“We don’t take seriously the respect Schäuble shows for our country. It is extremely impressive that the dominant forces in Greece are determined to abolish the welfare state, reduce wages and workers' rights and restrict democratic procedures”, the leftist Syriza party of Greece said in a statement.

The Democratic Left, the former junior coalition partner in the Greek government, highlighted that there can be no more cuts in wages, pensions and benefits. “There is a need to change the austerity policy across Europe and take on great initiatives to jointly combat the European crisis, having as axis the growth and the social cohesion”.

“The Memorandum government of New Democracy and PASOK is satisfied with the 100 million € offered by the German side instead of demanding the immediate repayment of German reparations of €162 billion”, noted in a statement the right wing eurosceptic Party of Independent Greeks.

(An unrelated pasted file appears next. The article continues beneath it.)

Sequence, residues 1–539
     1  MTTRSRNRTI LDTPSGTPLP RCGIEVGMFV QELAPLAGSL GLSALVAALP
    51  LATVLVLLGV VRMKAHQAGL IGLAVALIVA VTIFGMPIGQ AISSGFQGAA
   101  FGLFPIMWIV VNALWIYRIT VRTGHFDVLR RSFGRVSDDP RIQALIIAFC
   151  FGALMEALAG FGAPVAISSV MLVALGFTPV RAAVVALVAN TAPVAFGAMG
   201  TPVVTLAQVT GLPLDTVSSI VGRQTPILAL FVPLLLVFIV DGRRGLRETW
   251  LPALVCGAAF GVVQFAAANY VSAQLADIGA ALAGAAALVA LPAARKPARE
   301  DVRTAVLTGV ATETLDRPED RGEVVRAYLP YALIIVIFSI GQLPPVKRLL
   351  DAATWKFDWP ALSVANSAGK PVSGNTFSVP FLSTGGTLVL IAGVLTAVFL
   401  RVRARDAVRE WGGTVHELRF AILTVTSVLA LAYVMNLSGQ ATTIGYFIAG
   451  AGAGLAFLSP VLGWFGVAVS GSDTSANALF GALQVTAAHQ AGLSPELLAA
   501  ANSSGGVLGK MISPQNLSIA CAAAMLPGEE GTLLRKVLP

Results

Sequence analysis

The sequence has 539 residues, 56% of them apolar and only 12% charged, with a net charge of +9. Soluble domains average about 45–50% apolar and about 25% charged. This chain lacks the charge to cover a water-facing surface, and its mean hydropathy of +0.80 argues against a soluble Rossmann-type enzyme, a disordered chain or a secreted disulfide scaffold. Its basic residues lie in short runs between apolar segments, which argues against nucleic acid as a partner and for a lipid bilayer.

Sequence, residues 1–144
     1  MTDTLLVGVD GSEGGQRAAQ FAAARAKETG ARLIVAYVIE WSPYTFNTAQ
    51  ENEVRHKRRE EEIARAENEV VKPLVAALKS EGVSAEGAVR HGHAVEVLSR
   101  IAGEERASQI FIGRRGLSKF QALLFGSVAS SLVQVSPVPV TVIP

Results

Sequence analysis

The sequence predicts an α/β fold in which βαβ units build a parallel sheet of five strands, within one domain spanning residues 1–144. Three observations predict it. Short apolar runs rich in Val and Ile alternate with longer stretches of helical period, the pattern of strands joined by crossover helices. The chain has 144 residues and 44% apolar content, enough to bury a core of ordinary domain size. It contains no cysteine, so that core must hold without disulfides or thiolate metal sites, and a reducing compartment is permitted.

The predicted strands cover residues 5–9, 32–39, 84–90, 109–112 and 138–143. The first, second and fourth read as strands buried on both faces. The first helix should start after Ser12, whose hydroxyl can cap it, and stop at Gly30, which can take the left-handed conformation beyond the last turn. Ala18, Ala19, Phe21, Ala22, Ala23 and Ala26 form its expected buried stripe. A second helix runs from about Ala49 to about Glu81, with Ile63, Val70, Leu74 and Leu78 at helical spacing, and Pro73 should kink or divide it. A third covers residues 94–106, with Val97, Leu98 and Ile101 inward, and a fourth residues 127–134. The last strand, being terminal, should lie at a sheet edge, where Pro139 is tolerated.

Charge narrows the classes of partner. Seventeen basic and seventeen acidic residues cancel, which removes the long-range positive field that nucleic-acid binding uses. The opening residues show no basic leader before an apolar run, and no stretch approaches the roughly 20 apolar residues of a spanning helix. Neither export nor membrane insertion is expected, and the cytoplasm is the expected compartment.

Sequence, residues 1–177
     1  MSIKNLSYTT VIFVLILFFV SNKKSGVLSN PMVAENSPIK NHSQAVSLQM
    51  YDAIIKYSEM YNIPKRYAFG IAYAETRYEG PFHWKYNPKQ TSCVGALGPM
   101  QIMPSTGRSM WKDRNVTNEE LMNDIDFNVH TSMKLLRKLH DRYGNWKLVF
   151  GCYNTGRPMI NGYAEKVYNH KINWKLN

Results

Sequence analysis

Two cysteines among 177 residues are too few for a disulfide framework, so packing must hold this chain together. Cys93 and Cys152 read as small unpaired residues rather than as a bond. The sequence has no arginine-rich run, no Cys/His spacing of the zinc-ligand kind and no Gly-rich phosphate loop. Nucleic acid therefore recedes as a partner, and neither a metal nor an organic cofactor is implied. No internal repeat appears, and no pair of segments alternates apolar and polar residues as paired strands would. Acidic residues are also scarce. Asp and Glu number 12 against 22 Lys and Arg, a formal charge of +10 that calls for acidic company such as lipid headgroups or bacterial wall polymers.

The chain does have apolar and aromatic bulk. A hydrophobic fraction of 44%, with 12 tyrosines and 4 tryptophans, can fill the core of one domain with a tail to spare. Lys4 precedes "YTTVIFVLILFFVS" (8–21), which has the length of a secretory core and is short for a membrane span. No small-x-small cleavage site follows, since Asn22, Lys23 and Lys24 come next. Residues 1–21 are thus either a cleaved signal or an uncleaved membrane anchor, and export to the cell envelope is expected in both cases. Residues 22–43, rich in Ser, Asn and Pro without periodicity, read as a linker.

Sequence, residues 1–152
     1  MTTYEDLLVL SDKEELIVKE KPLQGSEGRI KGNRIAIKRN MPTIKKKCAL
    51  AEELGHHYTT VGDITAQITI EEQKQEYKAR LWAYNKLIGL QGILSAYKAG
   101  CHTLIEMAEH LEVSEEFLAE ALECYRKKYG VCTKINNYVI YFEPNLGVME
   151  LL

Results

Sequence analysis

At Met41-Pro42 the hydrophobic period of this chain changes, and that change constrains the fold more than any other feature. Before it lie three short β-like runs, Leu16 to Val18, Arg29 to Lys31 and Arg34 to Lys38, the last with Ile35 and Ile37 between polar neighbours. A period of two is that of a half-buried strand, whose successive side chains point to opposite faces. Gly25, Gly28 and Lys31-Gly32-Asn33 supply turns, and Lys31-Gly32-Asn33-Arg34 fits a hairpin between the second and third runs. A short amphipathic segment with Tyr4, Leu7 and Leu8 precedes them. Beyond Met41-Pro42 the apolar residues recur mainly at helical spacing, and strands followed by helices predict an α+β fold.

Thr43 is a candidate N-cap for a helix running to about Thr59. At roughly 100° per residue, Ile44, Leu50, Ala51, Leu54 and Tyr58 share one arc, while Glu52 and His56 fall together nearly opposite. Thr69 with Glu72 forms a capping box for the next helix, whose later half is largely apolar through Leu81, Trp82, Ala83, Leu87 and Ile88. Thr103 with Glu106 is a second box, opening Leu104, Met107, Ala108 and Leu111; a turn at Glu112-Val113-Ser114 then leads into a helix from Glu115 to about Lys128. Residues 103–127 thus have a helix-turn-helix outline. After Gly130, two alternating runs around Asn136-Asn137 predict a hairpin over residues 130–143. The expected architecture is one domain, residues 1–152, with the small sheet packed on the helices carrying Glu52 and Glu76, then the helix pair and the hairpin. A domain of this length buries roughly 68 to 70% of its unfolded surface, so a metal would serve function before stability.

Greece's international lenders agreed in November on a package of measures to reduce Greek debt by €40 billion, cutting it to 124% of gross domestic product by 2020.

Greece will receive up to €43.7 billion in stages as it fulfills the conditions imposed by the troika of international creditors - the European Commission, the European Central Bank and the International Monetary Fund.

>> Read: Eurozone clinches Greek debt deal

Five years after the debt crisis started, people in Greece concede that the government's austerity plans do not aim merely to fix the economy, but to fundamentally alter the country's political system.

Greece, which ranked 18th in the UN's development index in 2008, fell to 29th place by 2011, having lost almost €40 billion of its GDP. It is now in its sixth year of recession.

Unemployment in 2009 was estimated at 9.6%. Today, the country has the highest rate of unemployment in the EU, with an official figure of 27%. That means 1.5 million people are out of work. Three and a half million people live below the official poverty line and 35% of all workers are unable to clear their mortgages and bank loans.